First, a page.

Two e-discovery articles this week highlight a theme to remember: no one escapes document retention and e-discovery obligations.
You think you can't lose. The facts are on your side. The law is on your side. You have a slam-dunk motion for summary judgment. Or three slam-dunk motions. You can coast through until you prevail on the merits, right? WRONG Leonard Deutchman in the Pennsylvania Law Weekly looks at two of the more-famous e-discovery cases from 2008 - Qualcomm, Inc. v. Broadcom Corp. and Keithley v. The Homestore.com, Inc. - both of which demonstrate that even when you prevail on the merits, only a fool disregards her document retention and e-discovery obligations.
In Qualcomm, the appellate court reversed an adverse judgment on the merits in the underlying patent infringement case, but upheld the lower court's findings and rulings as to spoliation and other e-discovery violations, including sanctions imposed on counsel. In Keithley, although the court ruled for the defendants on the merits, it adopted the magistrate judge's sanctions recommendations for spoliation of evidence and late production of discovery. The only bright spot for defendants on the e-discovery front was that the court denied the plaintiffs' motions for adverse inference instructions, solely on the grounds that defendants' victory on the merits mooted that issue.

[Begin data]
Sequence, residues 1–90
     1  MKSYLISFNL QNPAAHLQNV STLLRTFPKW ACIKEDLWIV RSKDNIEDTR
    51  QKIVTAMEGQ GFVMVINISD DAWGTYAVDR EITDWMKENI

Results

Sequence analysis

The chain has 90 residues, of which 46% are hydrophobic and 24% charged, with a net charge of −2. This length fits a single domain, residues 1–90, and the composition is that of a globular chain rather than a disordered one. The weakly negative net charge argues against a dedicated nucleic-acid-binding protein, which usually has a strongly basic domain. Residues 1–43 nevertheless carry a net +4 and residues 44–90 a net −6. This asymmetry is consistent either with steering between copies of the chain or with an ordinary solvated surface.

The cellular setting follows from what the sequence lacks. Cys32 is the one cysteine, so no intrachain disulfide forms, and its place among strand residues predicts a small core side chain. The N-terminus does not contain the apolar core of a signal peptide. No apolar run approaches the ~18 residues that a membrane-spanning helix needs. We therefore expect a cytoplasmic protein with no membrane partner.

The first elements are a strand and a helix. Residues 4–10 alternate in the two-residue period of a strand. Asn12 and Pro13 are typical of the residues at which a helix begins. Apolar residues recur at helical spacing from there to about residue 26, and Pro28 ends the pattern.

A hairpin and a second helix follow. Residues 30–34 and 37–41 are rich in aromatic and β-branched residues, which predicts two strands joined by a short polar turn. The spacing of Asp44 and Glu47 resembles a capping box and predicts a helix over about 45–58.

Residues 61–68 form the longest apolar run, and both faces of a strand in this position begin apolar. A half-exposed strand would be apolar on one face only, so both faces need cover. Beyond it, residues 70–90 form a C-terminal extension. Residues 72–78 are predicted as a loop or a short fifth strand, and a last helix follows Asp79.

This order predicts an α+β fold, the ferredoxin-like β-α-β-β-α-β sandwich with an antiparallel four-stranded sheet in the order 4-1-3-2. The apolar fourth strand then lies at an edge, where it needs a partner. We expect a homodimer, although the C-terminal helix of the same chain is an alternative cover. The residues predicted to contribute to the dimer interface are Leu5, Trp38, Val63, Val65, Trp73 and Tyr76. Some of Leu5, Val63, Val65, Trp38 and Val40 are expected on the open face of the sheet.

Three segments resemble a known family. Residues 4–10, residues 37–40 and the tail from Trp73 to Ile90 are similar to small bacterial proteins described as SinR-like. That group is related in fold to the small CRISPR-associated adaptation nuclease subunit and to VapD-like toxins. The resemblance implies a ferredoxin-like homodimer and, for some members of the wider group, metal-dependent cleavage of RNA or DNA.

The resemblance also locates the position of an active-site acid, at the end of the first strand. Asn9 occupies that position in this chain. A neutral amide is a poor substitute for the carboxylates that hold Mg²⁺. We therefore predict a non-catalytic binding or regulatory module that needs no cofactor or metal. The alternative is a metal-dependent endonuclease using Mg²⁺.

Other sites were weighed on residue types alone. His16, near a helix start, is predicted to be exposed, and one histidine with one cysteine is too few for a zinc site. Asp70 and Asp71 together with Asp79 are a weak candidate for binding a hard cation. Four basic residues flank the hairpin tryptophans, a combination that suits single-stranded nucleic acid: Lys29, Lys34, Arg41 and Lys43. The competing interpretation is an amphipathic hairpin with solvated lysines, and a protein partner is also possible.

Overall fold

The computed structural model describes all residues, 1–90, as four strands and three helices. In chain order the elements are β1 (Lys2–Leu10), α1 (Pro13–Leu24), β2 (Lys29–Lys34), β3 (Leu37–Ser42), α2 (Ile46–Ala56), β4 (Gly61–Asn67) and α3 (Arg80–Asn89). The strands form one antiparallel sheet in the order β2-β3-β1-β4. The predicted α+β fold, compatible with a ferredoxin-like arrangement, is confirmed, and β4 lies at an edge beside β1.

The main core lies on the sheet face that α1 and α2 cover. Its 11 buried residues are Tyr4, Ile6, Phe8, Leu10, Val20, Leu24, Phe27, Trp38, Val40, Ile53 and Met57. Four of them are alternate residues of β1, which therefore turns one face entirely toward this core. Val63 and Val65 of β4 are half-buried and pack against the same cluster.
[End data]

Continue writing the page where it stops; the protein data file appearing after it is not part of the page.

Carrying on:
Even the leader of the free world isn't exempt from document retention and e-discovery obligations. As this Associated Press article on findlaw.com reports, on January 15, Magistrate Judge John Facciola "tore into" the Bush White House, finding that the administration had failed to meet its obligations to preserve ESI, including millions of missing e-mails. And Judge Facciola isn't the only one hitting the White House hard over its document retention obligations; just the day before, U.S. District Judge Henry Kennedy issued an order requiring the White House to search for emails created between March 2003 and October 2005.
Lessons learned? No matter who you are - from the most powerful person in the world to the owner of a small company - and no matter how good your case, you ignore your document preservation and e-discovery obligations at your own peril.